Like filler cabinets, the corner for many kitchens in an L-shaped or even U-shaped layout leaves an awkward corner cabinet. The standard solution for many designers is the Lazy Susan. It’s a reasonable solution, as a Lazy Susan makes the awkward space productive, and many homeowners prefer using them to traditional cabinets.

However, the Lazy Susan in the corner cabinet is not a kitchen design law we all must follow. An alternative is a blind cabinet, which can fit in the corner but is blind to the naked eye. Half of a blind cabinet is hidden, so you have to reach pretty deep inside to grab pots, pans, or whatever you have stored there.

A blind cabinet gives you the added storage for items you rarely use, but without the mechanical requirements and expenses of a Lazy Susan. In some instances, cabinets must be custom-fitted to fit a Lazy Susan in the corner because designers think every kitchen must have one. Having a blind cabinet instead is an excellent way to trim your budget and retain most of the functionality of your kitchen and cabinets.

“Customize Wherever You Can”

We get it, it’s your kitchen, and you want everything customized to your needs. There’s nothing wrong with personalization, as your kitchen and cabinets should reflect your lifestyle, but there’s no need to go overboard with a customized cabinet for every individual appliance or task.

If you bake a lot and want to fit your cabinetry around that hobby, that’s great, and there are many customizations you can make to have your kitchen cabinetry work around that. However, be careful that you don’t have customization for every task and appliance you own.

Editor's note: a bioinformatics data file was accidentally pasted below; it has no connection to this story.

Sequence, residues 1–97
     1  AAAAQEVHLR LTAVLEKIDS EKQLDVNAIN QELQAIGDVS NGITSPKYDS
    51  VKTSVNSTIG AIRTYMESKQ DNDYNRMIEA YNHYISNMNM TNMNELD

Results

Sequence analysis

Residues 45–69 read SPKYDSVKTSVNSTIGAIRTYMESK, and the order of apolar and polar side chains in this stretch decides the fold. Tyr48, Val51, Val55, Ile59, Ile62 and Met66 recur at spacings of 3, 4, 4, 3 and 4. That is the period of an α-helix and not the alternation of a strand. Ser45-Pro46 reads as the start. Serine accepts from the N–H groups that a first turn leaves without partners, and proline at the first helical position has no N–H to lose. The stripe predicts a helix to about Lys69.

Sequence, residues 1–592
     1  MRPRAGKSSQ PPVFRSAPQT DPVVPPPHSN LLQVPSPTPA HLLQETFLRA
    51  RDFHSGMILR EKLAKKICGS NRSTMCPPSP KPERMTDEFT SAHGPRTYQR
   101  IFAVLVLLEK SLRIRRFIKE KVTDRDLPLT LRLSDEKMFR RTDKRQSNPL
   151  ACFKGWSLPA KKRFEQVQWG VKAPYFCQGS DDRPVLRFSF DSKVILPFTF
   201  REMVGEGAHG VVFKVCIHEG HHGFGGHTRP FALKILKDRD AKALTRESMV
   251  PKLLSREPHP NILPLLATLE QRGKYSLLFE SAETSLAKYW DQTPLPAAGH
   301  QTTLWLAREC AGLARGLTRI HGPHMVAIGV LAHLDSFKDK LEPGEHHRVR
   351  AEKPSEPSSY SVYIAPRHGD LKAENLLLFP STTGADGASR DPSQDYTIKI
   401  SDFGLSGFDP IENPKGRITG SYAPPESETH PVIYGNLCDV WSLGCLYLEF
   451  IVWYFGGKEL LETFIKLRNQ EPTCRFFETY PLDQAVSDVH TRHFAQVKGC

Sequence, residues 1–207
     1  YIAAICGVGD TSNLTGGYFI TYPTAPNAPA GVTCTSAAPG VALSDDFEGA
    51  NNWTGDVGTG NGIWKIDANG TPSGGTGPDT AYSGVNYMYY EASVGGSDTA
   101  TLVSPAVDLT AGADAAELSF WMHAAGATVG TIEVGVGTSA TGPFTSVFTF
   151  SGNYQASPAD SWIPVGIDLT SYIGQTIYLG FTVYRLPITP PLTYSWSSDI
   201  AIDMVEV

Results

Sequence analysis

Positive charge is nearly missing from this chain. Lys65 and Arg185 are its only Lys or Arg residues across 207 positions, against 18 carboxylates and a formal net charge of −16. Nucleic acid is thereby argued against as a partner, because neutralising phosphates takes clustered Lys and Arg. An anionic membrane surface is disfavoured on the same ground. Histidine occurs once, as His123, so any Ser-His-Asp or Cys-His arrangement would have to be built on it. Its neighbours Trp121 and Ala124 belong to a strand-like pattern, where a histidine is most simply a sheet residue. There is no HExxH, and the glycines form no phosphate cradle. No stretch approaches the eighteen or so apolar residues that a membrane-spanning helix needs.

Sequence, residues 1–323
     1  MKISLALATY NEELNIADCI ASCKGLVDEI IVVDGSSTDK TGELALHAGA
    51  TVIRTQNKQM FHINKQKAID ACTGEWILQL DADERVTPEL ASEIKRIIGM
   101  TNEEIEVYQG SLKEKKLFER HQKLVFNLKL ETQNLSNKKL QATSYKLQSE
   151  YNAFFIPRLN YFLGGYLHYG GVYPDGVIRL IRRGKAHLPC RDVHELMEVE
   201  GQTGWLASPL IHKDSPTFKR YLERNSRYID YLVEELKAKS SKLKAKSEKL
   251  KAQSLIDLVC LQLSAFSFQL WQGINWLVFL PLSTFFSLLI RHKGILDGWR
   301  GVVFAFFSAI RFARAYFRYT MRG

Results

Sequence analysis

More times than not, you’ll find you don’t use that appliance enough, or perhaps you won’t bake enough to make the customization worth it. Like all things in life, customization is better in moderation.

“You Can Make Any Cabinet Door Handle-Free”

As modern kitchen designs have become popular, the handle-free cabinet door has become trendy for many kitchen designers. The minimalist look gives your cabinets clean lines and doesn’t distract with knobs or handles. Before you decide to go without handles, consider that not every door is built for that function.

Cabinet doors manufactured to be without handles are cut in a specific way to give it a handy groove at the top or bottom of the door. This groove provides you with something to grip instead of a handle. But not every cabinet door is cut this way, so if you remove the knobs or handles, it won’t be as easy to grip.

At first, you might think that it’s not a big deal, and that you’ll still be able to grip the cabinet door without the groove. But after a few days and weeks of your hand slipping on the cabinet door, you’ll be searching for handles or knobs to throw on those cabinets. Research your cabinet doors first before you decide to go handle-free.

There are a lot of myths surrounding kitchen design out there, and we hope we’ve helped debunk five common misconceptions about kitchen cabinet design for you. There may be a lot of designs and trends that work for others but don’t quite fit with what you want for your kitchen. Be sure to research, and don’t hesitate to reach out to the pros at iCabinetry with any questions you have about kitchen cabinets and design!

Debunking 5 Common Misconceptions of Kitchen Cabinet Design